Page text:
The Sgarbossa criteria is used in the diagnosis of an acute myocardial infarction when a LBBB is present.
Traditionally, it has been taught that MI is not able to be diagnosed via ECG in the presence of a LBBB. However, Sgarbossa et al described in 1996 some ECG changes seen in patients with LBBB and concomitant MIs and devised a point scoring system. This is called the Sgarbossa criteria, and they are listed below.
ST segment elevation > 1 mm and in the same direction (concordant) with the QRS complex = 5 points
ST segment depression > 1 mm in leads V1, V2 or V3 = 3 points
ST segment elevation > 5 mm and in the opposite direction (discordant) with the QRS = 2 points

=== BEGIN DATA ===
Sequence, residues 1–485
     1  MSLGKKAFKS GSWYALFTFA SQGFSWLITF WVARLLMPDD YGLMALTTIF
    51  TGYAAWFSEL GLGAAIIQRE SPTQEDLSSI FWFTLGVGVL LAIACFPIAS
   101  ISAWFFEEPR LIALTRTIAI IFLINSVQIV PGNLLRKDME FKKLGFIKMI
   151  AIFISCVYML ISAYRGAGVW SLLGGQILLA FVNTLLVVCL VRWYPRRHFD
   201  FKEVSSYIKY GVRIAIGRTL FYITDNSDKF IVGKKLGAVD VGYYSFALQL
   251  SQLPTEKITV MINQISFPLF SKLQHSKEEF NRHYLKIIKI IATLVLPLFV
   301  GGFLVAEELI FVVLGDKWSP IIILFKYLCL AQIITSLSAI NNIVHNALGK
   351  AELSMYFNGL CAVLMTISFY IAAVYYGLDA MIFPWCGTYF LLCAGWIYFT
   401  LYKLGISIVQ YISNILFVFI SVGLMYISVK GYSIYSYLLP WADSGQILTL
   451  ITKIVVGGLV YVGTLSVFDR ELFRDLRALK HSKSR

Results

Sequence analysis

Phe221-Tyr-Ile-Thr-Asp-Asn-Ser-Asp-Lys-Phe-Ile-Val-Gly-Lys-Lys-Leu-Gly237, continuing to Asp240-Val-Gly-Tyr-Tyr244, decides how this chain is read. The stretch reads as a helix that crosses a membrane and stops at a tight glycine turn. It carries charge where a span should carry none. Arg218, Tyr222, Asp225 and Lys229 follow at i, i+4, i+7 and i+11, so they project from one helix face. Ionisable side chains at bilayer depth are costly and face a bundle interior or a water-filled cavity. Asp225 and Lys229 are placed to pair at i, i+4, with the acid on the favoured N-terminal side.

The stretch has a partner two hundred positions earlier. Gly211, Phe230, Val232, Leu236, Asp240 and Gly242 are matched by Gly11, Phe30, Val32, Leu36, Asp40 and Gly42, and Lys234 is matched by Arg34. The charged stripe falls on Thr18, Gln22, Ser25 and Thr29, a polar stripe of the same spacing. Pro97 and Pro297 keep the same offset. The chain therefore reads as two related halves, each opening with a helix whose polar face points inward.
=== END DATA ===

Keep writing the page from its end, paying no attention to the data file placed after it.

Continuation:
A score of 3 points is required to diagnose an acute MI. Criteria #3 is under debate as to its usefulness; therefore, either criteria 1 or criteria 2 are essentially required.


Modified Sgarbossa Criteria:

≥ 1 lead with ≥ 1 mm of concordant ST elevation
≥ 1 lead of V1-V3 with ≥ 1 mm of concordant ST depression
≥ 1 lead anywhere with ≥ 1 mm STE and proportionally excessive discordant STE, as defined by ≥ 25% of the depth of the preceding S-wave.



There is 1mm concordant ST elevation in aVL (= 5 points).
Other features on this ECG that are abnormal in the context of LBBB (but not considered “positive” Sgarbossa criteria) are the pathological Q wave in lead I and the concordant ST depression in the inferior leads III and aVF.
This constellation of abnormalities suggests to me that the patient was having a high lateral infarction.



There is concordant ST depression in V2-5 (= Sgarbossa positive).
The morphology in V2-5 is reminiscent of posterior STEMI, with horizontal ST depression and prominent upright T waves.